2) More importantly, we would avoid problems such as:

> x <- factor(c("a","b","c"))
> x
[1] a b c
Levels: a b c
> x <- c(x, "d")
> x
[1] "1" "2" "3" "d"


> x <- factor(c("a","b","c"))
> x[1:2] <- c("c", "d")
Warning message:
In `[<-.factor`(`*tmp*`, 1:2, value = c("c", "d")) :
  invalid factor level, NAs generated

Factors are great when you need them (e.g. implementing ordering in graphs) but a nuisance most of the time.

  • Eduardo - Interesting, what are the advantages of not using factors?
    – medriscoll
    Sep 8, 2009 at 18:05
  • 30
    +1 I wish this was the default in R.
    – Iterator
    Oct 22, 2011 at 3:36
  • 5
    Note that character vectors only seem to use less memory (two hundred bytes or so) on 32-bit systems. On 64-bit systems factors use considerably less. stat.ethz.ch/pipermail/r-help/2012-August/321919.html Aug 18, 2012 at 13:51
  • +1 Thanks for pointing out some of the major issues with factors. SAS's format system has many advantages over this, imo. When reading from text, stringsAsFactors is always set to false. However, for data transfer, I avoid reading from spreadsheet wherever possible.
    – AdamO
    Jul 6, 2015 at 22:27
  • 5
    In R versions >=4.0.0, this is the new default. Hooray! May 14, 2021 at 20:48

I like saving my R command history and having it available each time I run R:

In the shell or .bashrc:

export R_HISTFILE=~/.Rhistory

in .Rprofile:

.Last <- function() {
        if (!any(commandArgs()=='--no-readline') && interactive()){

Here's mine. I always use the main cran repository, and have code to make it easy to source in-development package code.

.First <- function() {
    options("repos" = c(CRAN = "http://cran.r-project.org/"))
    options("device" = "quartz")

packages <- list(
  "describedisplay" = "~/ggobi/describedisplay",
  "linval" = "~/ggobi/linval", 

  "ggplot2" =  "~/documents/ggplot/ggplot",
  "qtpaint" =  "~/documents/cranvas/qtpaint", 
  "tourr" =    "~/documents/tour/tourr", 
  "tourrgui" = "~/documents/tour/tourr-gui", 
  "prodplot" = "~/documents/categorical-grammar"

l <- function(pkg) {
  pkg <- tolower(deparse(substitute(pkg)))
  if (is.null(packages[[pkg]])) {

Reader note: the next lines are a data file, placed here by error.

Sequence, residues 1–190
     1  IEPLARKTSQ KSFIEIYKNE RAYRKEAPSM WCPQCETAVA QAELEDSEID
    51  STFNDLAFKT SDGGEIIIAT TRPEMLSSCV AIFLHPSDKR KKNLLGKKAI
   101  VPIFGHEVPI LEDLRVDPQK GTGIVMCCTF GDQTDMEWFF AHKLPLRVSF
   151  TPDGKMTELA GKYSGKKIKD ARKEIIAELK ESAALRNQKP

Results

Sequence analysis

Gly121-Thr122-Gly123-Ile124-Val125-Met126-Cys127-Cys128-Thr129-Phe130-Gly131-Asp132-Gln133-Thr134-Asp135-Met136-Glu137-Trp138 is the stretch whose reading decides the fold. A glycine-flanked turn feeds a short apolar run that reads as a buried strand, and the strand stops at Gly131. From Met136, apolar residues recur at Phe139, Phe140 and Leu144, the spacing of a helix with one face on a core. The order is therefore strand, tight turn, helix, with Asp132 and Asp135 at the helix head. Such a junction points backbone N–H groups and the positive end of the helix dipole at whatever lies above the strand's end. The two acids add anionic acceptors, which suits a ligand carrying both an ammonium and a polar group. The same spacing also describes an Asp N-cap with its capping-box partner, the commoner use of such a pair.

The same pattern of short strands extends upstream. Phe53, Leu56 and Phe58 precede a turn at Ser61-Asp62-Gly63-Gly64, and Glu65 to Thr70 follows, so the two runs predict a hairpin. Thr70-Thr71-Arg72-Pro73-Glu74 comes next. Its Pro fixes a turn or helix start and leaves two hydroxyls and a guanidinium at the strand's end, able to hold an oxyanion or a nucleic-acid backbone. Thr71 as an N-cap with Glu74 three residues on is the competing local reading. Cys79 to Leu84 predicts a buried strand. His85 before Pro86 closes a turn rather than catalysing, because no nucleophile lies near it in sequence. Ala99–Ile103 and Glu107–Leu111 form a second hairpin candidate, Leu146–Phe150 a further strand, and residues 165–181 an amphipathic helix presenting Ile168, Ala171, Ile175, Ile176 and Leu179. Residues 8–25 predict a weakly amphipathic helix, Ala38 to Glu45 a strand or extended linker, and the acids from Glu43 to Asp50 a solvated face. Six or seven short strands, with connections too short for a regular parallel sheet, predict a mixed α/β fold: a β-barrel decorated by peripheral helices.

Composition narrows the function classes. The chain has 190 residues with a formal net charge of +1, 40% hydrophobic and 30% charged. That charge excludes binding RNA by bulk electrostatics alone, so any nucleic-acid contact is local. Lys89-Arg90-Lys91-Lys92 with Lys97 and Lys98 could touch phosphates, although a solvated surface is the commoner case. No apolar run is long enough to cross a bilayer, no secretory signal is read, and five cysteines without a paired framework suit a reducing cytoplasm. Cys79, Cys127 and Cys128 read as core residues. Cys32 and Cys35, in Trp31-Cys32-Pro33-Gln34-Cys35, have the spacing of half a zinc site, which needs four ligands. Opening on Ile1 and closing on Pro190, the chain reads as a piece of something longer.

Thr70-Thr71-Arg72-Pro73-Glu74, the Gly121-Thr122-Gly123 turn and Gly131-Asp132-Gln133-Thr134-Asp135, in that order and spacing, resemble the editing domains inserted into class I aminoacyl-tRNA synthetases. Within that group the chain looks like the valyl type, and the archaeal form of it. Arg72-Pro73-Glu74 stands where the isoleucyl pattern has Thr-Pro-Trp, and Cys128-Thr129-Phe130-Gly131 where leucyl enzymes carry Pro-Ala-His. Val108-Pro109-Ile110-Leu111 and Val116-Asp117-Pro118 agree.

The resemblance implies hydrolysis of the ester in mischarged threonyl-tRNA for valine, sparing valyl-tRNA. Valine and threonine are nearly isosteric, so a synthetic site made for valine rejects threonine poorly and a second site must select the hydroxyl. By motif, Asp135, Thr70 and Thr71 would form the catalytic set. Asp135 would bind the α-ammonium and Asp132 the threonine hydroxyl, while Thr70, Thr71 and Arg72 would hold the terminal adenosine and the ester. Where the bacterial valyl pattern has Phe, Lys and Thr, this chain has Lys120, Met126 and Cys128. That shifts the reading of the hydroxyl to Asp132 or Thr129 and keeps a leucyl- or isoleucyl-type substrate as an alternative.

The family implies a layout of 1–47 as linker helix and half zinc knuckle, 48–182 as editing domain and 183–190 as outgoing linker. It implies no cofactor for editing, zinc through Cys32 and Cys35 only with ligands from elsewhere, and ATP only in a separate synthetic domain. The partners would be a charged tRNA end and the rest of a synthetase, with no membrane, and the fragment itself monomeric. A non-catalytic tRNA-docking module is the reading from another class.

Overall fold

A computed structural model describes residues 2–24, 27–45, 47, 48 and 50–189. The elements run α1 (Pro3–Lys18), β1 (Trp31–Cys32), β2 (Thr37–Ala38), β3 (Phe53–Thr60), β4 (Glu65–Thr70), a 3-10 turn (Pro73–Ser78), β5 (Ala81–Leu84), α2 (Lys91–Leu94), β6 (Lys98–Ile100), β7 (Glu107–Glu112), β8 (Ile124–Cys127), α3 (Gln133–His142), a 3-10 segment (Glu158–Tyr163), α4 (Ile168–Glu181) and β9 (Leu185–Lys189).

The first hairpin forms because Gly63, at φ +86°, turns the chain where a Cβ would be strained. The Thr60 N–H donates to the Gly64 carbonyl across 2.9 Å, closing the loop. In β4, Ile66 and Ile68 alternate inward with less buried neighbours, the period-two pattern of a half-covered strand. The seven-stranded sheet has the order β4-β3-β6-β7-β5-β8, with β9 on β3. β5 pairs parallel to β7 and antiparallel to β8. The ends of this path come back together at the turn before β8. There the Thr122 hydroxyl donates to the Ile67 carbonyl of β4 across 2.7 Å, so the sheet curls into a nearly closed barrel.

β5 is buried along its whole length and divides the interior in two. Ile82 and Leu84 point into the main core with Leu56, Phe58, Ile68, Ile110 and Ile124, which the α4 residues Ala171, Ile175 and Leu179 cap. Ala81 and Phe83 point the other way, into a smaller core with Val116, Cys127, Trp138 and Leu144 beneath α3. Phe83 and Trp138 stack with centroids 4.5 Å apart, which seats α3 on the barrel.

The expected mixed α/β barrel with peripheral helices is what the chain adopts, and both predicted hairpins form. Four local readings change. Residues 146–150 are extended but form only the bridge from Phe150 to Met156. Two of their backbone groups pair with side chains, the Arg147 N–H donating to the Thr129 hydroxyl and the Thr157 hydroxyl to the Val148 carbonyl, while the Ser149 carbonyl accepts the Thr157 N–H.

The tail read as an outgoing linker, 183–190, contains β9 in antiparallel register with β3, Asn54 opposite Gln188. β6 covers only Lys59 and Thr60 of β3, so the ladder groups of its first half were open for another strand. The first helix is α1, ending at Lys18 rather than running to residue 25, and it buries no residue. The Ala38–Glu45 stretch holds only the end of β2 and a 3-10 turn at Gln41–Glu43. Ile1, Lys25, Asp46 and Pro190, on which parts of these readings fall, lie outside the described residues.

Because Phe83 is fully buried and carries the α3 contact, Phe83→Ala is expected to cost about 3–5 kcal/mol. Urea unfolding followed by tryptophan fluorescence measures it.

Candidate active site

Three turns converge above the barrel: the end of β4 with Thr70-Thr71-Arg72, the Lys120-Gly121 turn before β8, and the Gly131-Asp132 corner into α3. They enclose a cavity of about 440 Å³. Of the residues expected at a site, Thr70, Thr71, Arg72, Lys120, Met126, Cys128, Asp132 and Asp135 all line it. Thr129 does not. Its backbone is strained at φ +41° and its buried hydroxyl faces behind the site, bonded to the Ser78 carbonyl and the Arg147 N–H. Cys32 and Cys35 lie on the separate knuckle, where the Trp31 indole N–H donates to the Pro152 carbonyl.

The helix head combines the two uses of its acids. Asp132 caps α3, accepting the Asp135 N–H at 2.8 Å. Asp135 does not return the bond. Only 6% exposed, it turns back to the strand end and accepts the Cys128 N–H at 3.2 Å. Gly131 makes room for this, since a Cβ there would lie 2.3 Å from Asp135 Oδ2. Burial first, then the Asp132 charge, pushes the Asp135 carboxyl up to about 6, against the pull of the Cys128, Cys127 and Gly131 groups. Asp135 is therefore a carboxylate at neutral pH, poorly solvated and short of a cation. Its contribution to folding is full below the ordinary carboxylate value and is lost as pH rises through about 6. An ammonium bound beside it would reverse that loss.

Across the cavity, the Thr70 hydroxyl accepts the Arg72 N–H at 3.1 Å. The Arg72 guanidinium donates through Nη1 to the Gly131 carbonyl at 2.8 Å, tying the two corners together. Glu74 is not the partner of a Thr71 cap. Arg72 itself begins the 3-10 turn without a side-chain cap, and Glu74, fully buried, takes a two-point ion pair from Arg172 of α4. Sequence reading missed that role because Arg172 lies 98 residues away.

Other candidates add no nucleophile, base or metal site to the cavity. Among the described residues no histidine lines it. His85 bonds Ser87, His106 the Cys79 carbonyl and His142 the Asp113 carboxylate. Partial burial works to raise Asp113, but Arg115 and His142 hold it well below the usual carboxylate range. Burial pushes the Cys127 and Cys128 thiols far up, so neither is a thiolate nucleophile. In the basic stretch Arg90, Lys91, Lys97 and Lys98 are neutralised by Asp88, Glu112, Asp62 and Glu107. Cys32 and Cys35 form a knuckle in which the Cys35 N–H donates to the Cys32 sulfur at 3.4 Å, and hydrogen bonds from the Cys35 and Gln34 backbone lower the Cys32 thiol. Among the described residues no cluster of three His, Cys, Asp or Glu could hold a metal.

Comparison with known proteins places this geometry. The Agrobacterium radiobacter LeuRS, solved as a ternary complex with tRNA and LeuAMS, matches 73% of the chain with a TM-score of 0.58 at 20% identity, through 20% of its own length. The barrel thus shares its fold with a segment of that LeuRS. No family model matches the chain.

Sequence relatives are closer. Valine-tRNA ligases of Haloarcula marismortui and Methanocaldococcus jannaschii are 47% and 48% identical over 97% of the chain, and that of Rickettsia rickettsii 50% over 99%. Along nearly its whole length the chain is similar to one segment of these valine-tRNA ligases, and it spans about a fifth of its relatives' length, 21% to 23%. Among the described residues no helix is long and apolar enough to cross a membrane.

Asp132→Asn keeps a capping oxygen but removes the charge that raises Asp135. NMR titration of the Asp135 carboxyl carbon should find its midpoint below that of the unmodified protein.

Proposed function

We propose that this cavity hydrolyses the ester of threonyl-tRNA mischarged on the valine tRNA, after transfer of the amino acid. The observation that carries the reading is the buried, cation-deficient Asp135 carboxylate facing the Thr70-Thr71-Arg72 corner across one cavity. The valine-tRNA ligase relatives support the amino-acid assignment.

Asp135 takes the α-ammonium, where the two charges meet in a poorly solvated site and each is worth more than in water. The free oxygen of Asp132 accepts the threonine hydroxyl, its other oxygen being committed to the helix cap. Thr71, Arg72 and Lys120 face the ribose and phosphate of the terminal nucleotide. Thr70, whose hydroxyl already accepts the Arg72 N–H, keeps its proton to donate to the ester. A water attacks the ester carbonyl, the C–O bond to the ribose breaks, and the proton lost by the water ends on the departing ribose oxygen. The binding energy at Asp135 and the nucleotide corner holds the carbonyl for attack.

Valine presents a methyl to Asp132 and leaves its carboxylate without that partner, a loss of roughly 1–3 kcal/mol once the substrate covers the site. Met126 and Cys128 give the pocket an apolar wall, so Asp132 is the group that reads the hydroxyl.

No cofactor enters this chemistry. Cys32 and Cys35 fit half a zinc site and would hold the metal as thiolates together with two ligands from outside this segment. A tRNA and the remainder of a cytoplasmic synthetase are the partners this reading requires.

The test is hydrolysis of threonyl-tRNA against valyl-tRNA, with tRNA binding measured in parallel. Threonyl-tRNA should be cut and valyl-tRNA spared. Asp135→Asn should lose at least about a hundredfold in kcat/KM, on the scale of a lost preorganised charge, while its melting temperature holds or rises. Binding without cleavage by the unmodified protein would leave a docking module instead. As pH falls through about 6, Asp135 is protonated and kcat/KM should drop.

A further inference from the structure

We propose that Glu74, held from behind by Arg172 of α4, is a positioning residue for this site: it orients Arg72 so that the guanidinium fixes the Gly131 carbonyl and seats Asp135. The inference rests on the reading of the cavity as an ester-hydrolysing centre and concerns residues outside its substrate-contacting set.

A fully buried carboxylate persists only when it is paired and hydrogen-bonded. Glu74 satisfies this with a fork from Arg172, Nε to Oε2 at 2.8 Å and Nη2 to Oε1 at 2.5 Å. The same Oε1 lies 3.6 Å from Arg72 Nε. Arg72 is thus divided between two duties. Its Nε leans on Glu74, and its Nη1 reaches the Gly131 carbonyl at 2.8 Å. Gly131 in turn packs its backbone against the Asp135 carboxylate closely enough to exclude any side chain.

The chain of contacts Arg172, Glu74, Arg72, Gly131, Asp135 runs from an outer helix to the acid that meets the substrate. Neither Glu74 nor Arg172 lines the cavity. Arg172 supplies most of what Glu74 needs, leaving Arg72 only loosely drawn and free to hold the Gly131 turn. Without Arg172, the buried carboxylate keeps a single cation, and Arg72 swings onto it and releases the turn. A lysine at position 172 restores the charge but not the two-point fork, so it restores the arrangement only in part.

path <- file.path("~/documents", pkg, pkg)
  } else {
    path <- packages[pkg]

  source(file.path(path, "load.r"))  

test <- function(path) {
  path <- deparse(substitute(path))
  source(file.path("~/documents", path, path, "test.r"))  

Here are two functions I find handy for working with windows.

The first converts the \s to /.

.repath <- function() {
   cat('Paste windows file path and hit RETURN twice')
   x <- scan(what = "")
   xa <- gsub('\\\\', '/', x)
   writeClipboard(paste(xa, collapse=" "))
   cat('Here\'s your de-windowsified path. (It\'s also on the clipboard.)\n', xa, '\n')

The second opens the working directory in a new explorer window.

getw <- function() {
    suppressWarnings(shell(paste("explorer",  gsub('/', '\\\\', getwd()))))
  • 3
    This .repath is so getting into my .Rprofile. Feb 20, 2014 at 20:33
  • 1
    I wrote a RStudio addin that included this feature. You just copy the path, click a menu from RStudio, and the converted path will be inserted into your cursor location. This should save some keystrokes.
    – dracodoc
    Jan 17, 2017 at 1:06
  • 1
    I hate the windows path issue SOOO much. I think I might have even a better solution. I added a snippet. so all I have to do is type wpp then press tab and my copied path shows up. Here is the code. snippet wpp `r paste("\"", gsub("\\\\", "/", readClipboard()), "\"", sep = "")` Jun 21, 2019 at 0:12

I've got this, more dynamic trick to use full terminal width, which tries to read from the COLUMNS environment variable (on Linux):

      width = as.integer(Sys.getenv("COLUMNS")))},
  error = function(err) {
    write("Can't get your terminal width. Put ``export COLUMNS'' in your \
           .bashrc. Or something. Setting width to 120 chars",

This way R will use the full width even as you resize your terminal window.

  • 1
    When COLUMNS is not set, you can try width = as.integer(system('tput cols',intern=TRUE) as a backstop.
    – shabbychef
    Dec 26, 2012 at 23:52

Most of my personal functions and loaded libraries are in the Rfunctions.r script


.First <- function(){
   cat("\n Rrrr! The statistics program for Pirates !\n\n")


  .Last <- function(){
   cat("\n Rrrr! Avast Ye, YO HO!\n\n")


# Tinn-R: necessary packages
necessary = c('svIDE', 'svIO', 'svSocket', 'R2HTML')
if(!all(necessary %in% installed.packages()[, 'Package']))
  install.packages(c('SciViews', 'R2HTML'), dep = T)

options(IDE = 'C:/Tinn-R/bin/Tinn-R.exe')
options(use.DDE = T)

shell(paste("mkdir C:\\data\\rplots\\plottemp", gsub('-','',Sys.Date()), sep=""))
pldir <- paste("C:\\data\\rplots\\plottemp", gsub('-','',Sys.Date()), sep="")

plot.str <-c('savePlot(paste(pldir,script,"\\BeachSurveyFreq.pdf",sep=""),type="pdf")')
  • 1
    Heh, I thought about naming an R GUI "Arrr"- this is a much easier way to add some piratey goodness.